11 Vibrio cholerae: Pathogenicity Classical cholera 01/0139 strains usually produce a classical toxin. Non 01/0139 strains usually dont Classical Cholera toxin:- Non-invasive, consists of A and B subunits. B subunit facilitates binding and A subunit activates Adenylate Cyclase, leading to increase in cAMP in enterocyte. cAMP leads to increased Chloride excretion from the enterocyte and decreased sodium reabsorption, leading to osmotic gradient, and water passes out of the cells into the intestinal lumen. Rice water stool Many non-01/0139 strains are non-toxigenic. Actually other toxins some of which are invasive.

12 It has also been hypothesized that the cystic fibrosis genetic mutation has been maintained in humans due to a selective advantage: heterozygous carriers of the mutation (who are thus not affected by cystic fibrosis) are more resistant to V. cholerae infections.cystic fibrosismutationheterozygous

13 Cholera gravis Most people asymptomatic or mild illness only. However shed bacteria for 1-2 wks into the environment. Severe illness, dehydration renal failure, metabolic acidosis and death.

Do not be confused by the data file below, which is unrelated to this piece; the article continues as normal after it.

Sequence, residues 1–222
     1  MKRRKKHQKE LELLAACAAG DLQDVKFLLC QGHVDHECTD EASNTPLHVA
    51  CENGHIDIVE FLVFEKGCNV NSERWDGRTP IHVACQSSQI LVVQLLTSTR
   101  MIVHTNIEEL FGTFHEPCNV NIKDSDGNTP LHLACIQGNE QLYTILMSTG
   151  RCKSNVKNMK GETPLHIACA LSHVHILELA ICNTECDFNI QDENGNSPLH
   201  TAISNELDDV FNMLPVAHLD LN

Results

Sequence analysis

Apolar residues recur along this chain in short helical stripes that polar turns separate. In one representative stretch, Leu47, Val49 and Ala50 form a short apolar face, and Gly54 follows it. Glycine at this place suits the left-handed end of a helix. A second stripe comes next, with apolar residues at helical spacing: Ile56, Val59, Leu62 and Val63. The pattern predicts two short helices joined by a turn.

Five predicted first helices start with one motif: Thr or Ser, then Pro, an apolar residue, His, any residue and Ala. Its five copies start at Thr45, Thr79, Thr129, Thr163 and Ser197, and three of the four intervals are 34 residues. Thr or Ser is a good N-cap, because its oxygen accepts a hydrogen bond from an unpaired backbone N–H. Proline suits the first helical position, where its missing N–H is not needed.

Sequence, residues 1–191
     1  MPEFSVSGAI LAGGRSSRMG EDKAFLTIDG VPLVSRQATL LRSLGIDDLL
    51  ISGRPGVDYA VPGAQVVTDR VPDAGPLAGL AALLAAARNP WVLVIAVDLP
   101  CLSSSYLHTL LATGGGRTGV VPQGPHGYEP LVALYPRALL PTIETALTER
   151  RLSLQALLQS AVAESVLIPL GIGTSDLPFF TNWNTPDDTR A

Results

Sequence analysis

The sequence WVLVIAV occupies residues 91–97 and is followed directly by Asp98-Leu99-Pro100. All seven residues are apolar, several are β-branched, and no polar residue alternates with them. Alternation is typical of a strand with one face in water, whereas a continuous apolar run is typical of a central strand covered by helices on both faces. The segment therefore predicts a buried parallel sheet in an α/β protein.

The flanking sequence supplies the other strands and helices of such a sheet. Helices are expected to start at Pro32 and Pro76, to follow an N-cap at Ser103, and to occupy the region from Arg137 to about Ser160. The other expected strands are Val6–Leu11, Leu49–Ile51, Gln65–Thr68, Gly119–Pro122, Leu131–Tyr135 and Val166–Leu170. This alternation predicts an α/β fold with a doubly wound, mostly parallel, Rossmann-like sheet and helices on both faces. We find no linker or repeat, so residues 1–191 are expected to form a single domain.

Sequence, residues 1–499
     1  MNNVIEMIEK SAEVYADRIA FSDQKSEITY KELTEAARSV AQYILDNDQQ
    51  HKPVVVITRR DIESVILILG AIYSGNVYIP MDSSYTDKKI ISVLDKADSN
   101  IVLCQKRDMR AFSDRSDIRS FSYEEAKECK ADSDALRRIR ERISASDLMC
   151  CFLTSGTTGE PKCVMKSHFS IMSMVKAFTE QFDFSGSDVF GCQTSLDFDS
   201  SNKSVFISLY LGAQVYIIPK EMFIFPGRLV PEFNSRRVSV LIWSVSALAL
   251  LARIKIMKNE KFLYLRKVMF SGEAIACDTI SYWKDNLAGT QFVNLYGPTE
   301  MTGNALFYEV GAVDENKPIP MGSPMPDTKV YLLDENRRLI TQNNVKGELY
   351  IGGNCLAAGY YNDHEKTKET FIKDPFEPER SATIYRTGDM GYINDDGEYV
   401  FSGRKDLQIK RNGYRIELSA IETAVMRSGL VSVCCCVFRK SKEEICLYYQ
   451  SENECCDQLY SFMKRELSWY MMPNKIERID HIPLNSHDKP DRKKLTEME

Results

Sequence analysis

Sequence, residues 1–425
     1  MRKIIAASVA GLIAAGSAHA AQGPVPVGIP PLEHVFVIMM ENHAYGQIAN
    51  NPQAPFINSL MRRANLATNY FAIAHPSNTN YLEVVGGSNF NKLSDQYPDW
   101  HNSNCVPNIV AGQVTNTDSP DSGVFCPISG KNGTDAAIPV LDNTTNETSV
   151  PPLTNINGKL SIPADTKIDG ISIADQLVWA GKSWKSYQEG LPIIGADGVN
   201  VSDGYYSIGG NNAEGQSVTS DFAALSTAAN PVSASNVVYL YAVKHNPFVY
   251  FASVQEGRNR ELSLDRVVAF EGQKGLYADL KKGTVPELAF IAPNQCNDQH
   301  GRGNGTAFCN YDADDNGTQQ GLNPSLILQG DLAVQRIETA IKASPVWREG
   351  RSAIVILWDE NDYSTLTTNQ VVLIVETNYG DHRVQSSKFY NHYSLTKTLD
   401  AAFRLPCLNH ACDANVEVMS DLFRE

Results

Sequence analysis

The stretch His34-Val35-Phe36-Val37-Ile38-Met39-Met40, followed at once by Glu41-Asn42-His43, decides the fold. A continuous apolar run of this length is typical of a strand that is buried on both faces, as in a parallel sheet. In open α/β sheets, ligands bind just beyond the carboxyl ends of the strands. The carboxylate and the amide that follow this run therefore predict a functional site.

14 Diagnosis of Cholera In epidemic field situation, dark field or wet film showing motile comma shaped bacteria usually sufficient. Motility inhibited by specific anti-sera. Stool can be cultured in Alkaline Peptone water to select out vibrios. TCBS (Thiosulphate Citrate Bile Salts) agar or Tellurite Taurocholate Gelatin Agar (TTGA). Yellow oxidase positive colonies are suspicious Suspicious colonies confirmed using API20E V cholerae 01 and 0139 strains can be detected with specific anti-sera. Latex agglutination, EIA or PCR can be used to look for cholera toxin


16 TCBS Medium The high concentrations of thiosulfate and citrate and the strong alkalinity of this medium largely inhibit the growth of Enterobacteriaceae. Ox bile and cholate suppress primarily enterococci. Any coliform bacteria, which may grow, cannot metabolize sucrose. Only a few sucrose-positive Proteus strains can grow to form yellow, vibrid-like colonies

17 Treatment of Cholera Aggressive rehydration is necessary for serious cases. Tetracyclines are the drug of choice. However in some parts of the world, resistance is becoming a problem. Quinolones also have good activity. In pregnant and breastfeeding women, and children, Azithromycin is useful.

18 Cholera Vaccine Parenteral whole cell killed vaccine is available. Only 50% protection from 01 for 6 months, not recommended by WHO Oral, killed, whole cell vaccine licensed for use in Europe, 1-2yrs protection after 2 doses.